Jake, me and C went to our first farmers’ market this morning. I love love love the Saturday A.M. market and had been missing it since I started taming the wild Seabass. It was once a regular and cherished appointment I had with myself; suited in my grubby weekend clothes and armed with a cup of coffee in one hand and shopping list in the other, I used to wander the rows of fresh fruits and vegetables for as long as I wanted. There were rambling visits with friends and idle chit-chat with farmers. I was the portrait of leisure.
So this morning’s trip was a little different than that to which I’m accustomed. For starters, I was no longer alone. Now I had a sensitive nine-week-old and a nervous dad pushing baby around in the stroller – not exactly the recipe for relaxation. Also, we’re coming to the crest of the summer fruits and vegetable wave and I can eat neither tomatoes nor strawberries due to breastfeeding. Can you say criminal? I spent half my time leering at the tomatoes and strawberries from afar, imagining what they taste like, smell like, feel like. Father forgive me, for I have lusted.
While I didn’t get to drink coffee around the market (breastfeeding strikes again!) I did manage to chat briefly with a few friends. But after the stroller paused en route for more than about 43 seconds, Seabass became anxious to move on. When he finally started launching into the “you-pushed-it-too-far-Mom” cry, I decided to get serious about my shopping list. In an attempt to satisfy my craving for summer fruits, I bought an outrageously large watermelon without stopping to think how I would carry it to the car. I looked at Jake. “I guess I could put it in the bottom of the stroller,” I reasoned, but two attempts proved me wrong.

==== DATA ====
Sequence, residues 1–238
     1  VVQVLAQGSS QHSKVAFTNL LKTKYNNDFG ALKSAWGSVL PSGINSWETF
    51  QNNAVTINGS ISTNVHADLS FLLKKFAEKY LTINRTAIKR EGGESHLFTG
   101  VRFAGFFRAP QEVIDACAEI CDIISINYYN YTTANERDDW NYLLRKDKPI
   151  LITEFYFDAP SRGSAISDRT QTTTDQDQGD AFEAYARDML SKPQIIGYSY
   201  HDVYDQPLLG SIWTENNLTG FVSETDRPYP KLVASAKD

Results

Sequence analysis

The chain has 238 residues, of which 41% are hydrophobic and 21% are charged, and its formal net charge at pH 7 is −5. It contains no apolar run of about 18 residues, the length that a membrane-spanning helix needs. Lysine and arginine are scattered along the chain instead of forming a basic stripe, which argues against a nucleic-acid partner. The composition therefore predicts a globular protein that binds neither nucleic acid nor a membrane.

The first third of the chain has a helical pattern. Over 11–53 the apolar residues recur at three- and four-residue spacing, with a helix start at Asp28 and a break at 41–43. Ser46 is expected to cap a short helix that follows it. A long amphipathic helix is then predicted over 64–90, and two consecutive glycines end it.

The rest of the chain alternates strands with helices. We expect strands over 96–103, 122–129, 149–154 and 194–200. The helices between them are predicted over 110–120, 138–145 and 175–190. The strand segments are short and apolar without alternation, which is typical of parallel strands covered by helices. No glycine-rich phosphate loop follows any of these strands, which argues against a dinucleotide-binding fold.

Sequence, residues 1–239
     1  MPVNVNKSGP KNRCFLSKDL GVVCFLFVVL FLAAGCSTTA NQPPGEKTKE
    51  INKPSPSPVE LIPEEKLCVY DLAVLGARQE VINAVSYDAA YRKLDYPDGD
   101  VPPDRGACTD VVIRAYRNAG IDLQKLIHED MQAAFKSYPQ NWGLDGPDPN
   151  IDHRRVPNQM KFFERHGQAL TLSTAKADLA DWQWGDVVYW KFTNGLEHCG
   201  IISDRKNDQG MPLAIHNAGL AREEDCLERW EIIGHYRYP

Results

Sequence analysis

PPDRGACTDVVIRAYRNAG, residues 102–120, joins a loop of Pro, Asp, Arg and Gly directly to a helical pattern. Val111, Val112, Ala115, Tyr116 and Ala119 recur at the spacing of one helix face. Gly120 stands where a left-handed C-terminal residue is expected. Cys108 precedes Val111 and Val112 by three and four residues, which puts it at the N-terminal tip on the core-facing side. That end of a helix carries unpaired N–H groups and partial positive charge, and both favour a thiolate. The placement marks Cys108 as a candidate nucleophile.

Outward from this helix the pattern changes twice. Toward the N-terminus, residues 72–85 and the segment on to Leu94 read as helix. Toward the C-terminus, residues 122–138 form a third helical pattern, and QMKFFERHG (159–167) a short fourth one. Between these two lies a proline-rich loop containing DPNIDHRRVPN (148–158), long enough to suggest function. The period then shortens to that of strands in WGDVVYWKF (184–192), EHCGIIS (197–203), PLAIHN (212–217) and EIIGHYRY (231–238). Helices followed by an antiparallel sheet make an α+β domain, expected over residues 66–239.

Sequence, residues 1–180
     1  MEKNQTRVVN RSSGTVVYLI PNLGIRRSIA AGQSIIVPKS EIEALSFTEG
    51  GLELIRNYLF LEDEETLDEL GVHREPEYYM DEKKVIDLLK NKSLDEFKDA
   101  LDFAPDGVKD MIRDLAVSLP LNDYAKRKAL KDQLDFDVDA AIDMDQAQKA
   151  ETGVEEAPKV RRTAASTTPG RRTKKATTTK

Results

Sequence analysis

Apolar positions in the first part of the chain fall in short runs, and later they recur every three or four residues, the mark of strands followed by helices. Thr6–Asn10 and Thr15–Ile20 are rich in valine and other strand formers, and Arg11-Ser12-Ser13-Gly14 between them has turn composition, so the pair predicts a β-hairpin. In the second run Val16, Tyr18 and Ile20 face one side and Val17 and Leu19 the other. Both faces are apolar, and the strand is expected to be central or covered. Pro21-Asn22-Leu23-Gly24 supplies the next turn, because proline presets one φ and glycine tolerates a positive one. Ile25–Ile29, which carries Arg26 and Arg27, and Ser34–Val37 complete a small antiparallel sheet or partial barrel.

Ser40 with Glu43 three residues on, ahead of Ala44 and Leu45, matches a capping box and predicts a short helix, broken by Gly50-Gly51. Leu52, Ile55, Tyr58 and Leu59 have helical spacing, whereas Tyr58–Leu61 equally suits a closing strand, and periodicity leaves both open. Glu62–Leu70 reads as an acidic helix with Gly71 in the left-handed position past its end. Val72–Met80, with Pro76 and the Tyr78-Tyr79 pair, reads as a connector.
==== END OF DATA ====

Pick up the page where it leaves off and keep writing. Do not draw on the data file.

“Here, you push the stroller and I’ll take the melon,” offered Jake. So we traded duties and began our departure through the last row of the market, but a booth selling dried apricots stole my attention. A young girl held a pair of tongs and a basket full of dried apricots, trying to lure passersby into sampling them. Why no one did, I don’t understand. I am the Free Sample Queen.
We must have been 15 t0 20 feet away from the booth, but I set my sights on those tongs and moved in for a delicious dried apricot before realizing I had walked away from the stroller, which was now rolling backwards toward an unsuspecting shopper. Mind you, the baby was in the stroller.
Thankfully, Jake is an alert and aware human being. He turned to see the stroller drifting and snapped me out of my apricot-induced trance just in time. “Jaime?!?!” he called. “Um, the stroller?”
Embarrassed, I ran back to the stroller and looked around to see if anyone caught me being a self-involved idiot. An old man sitting on a stool snickered and told Jake, “You have to keep an eye on the baby and on her!”
“Yeah,” I said sheepishly as we walked away, “I’m not used to being a mother yet. It’s my first time.”